On 12 January 2020, an estimated 13,000 people joined the ‘Run Against Dictatorship’ in Bangkok, Thailand despite threats of arrest and police intimidation. Several fun run events with the same theme were also held in other provinces, and even in other countries.
It was the biggest protest against the government since the army grabbed power in 2014. Elections were held in 2019 but critics said the military continued to dominate bureaucracy. The incumbent Prime Minister Prayuth Chan-ocha was the army chief who led the coup in 2014.
The event was organized to show the continuing public clamor for the restoration of democratic rights. Themed ‘Wing Lai Lung’ which means ‘Run to Oust the Uncle’, it refers to the Prayuth government which is accused of restricting the civil liberties of citizens despite the supposed end of military rule.
Since December when the event was launched, organizers said their members have been harassed by authorities across the country. In some provinces, permits were canceled by local governments. Activists suspected of organizing the event were interrogated by the police.
Days before the 12 January event, the Bangkok Post published an editorial criticizing the antagonistic response of some officials:
The reactions by the authorities and intimidation tactics are not just wrong but also absurd. Yet, it no laughing matter either. As the country has returned to democracy, no citizen should face such intimidation.
The Thai Lawyers for Human Rights released a legal primer defending the rights of the participants of the protest run:
Run Against Dictatorship is a legitimate expression approved by the Constitution. If the organizers of the event do want to arrange it in the form of rally or public assembly, they must notify the police. The police, however, have no power to prohibit the activity.
The Twitter hashtag #วิ่งไล่ลุง (#RunAgainstDictatorship) trended in Thailand on 12 January. Below are some photos of the event:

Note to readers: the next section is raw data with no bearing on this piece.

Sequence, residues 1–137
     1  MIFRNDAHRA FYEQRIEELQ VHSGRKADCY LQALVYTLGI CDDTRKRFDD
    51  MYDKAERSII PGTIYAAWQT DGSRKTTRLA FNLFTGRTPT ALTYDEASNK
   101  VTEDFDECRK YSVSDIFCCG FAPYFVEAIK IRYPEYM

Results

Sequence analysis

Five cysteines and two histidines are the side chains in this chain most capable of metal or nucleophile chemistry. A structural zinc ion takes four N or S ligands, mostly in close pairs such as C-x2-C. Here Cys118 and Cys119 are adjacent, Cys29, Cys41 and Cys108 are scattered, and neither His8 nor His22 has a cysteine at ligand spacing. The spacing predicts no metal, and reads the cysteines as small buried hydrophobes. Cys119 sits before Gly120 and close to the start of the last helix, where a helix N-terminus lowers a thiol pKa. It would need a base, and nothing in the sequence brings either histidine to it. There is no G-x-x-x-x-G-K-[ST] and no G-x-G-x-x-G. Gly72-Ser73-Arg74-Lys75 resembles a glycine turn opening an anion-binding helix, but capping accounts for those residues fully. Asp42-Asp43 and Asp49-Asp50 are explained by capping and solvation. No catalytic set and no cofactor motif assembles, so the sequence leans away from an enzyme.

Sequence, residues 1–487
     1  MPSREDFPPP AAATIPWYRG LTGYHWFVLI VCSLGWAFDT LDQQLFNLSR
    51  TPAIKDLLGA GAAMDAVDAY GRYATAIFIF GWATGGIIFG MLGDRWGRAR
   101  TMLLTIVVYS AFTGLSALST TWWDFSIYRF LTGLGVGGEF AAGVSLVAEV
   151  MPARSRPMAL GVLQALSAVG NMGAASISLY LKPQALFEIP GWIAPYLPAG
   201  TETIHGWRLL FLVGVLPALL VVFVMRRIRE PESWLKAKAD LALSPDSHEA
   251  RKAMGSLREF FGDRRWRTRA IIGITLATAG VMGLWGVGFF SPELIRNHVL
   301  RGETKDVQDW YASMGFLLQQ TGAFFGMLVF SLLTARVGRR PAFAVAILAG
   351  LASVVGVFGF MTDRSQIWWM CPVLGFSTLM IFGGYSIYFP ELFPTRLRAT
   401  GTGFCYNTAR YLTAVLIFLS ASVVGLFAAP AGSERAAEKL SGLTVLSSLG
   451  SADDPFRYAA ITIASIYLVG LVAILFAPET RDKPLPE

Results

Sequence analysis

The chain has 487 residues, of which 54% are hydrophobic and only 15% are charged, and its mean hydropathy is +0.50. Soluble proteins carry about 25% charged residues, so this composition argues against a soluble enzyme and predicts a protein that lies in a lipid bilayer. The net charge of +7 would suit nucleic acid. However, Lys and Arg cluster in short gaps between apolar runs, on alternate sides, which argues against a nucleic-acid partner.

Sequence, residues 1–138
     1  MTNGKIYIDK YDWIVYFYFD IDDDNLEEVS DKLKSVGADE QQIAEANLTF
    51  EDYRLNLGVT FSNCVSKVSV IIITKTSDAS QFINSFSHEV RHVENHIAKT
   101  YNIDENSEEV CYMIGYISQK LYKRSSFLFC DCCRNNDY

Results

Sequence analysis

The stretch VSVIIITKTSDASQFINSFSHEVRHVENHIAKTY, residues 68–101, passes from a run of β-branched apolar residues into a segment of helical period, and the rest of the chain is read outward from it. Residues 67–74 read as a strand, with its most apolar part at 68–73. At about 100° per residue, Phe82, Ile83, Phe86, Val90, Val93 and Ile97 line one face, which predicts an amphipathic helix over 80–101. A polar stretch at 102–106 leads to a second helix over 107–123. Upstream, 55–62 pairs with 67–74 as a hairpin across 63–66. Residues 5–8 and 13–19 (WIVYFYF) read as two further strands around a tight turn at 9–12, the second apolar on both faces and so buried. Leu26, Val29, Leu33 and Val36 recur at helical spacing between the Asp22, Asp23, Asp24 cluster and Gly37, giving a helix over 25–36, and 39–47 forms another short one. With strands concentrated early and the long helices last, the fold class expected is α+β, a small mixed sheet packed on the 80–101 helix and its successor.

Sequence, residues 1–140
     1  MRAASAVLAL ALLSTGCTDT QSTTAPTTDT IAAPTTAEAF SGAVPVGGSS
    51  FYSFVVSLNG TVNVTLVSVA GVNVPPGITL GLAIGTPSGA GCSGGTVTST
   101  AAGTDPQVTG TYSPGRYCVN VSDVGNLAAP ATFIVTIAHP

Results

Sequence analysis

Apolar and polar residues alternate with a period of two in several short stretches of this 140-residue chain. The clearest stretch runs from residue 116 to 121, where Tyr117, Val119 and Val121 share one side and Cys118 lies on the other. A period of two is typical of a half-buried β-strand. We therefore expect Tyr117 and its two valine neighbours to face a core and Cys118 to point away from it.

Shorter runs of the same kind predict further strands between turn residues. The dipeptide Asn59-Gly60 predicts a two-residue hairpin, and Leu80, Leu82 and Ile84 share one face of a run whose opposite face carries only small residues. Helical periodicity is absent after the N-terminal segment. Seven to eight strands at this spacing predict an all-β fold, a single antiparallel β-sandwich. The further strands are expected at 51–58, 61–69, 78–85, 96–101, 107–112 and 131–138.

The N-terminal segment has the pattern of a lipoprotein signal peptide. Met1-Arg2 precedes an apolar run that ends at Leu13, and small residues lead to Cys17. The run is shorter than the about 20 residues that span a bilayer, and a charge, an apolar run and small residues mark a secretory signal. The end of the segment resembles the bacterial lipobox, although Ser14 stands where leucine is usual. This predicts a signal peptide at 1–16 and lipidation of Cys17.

— Randy Thanthong-Knight (@siraphobknight) January 11, 2020
As a former protester, have to say this ‘Rid of Uncle’ event is extraordinary well run, the media access, the medical station, trash management, runners queue up door food, new generation success #วิ่งไล่ลุง #Thailand pic.twitter.com/uoM2QWgQex
— Rajprasong_News (@Rajprasong_News) January 12, 2020
— Tan Hui Yee (@Tan_Hui_Yee) January 12, 2020
#Chiangmai and around #Thailand today, host the #RunAgainstDictatorship. The peoples take the streets in order to call for dictator gov't , #Prayuth to go & return country to real democracy and we demanding political participation, democracy, human rights and #developmentjustice pic.twitter.com/qjhmnCq2Xh
— Matcha Phorn In (@Matcha_Phornin) January 12, 2020
Meanwhile, pro-government supporters organized an assembly on the same day with the theme ‘Dern Cheer Lung’ (Walk-In Support of Uncle). Around seven to eight thousand people joined the assembly which was also held in Bangkok but in a different park.
At the same time as the #วิ่งไล่ลุง #RunAgainstDictatorship, a crowd has also built in Bangkok to support Prime Minister Prayuth Chan-ocha with hashtag #เดินเชียร์ลุง Crowd not nearly as big as the other event but definitely over a thousand here. pic.twitter.com/sUReBCA8I4
— Matthew Tostevin (@TostevinM) January 12, 2020
Emboldened by the success of the ‘Run Against Dictatorship’ event, organizers said they are now preparing for the next run which will be held in Chiang Mai, north of Thailand, on 2 February.